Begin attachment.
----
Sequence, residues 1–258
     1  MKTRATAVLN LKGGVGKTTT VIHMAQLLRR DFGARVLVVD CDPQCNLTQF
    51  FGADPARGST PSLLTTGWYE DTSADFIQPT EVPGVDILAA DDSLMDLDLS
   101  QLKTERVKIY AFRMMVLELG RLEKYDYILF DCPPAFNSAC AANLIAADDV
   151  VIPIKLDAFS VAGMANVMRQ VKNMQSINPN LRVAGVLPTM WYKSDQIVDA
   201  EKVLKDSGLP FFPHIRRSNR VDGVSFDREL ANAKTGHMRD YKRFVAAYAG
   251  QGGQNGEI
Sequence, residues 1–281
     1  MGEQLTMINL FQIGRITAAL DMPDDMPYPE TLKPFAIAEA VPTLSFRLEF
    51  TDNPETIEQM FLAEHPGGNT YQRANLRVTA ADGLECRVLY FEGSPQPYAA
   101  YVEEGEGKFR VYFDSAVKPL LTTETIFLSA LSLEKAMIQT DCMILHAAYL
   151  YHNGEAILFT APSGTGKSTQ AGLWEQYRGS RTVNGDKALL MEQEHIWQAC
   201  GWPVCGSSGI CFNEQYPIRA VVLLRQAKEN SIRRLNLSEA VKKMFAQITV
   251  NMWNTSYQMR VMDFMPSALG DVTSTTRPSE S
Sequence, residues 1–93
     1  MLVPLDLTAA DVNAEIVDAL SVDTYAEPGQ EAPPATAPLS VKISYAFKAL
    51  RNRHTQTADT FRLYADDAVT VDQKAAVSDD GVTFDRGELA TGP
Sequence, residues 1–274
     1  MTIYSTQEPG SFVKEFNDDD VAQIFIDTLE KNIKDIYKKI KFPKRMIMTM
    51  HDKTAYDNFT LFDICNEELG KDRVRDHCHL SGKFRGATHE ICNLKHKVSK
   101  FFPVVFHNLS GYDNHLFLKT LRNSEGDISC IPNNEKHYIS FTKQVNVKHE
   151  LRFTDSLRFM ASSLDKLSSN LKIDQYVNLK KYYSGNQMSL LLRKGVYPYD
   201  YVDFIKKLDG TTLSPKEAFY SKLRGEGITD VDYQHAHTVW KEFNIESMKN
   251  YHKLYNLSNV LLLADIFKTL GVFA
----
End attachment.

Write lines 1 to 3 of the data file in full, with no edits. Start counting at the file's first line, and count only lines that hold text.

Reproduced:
Sequence, residues 1–258
     1  MKTRATAVLN LKGGVGKTTT VIHMAQLLRR DFGARVLVVD CDPQCNLTQF
    51  FGADPARGST PSLLTTGWYE DTSADFIQPT EVPGVDILAA DDSLMDLDLS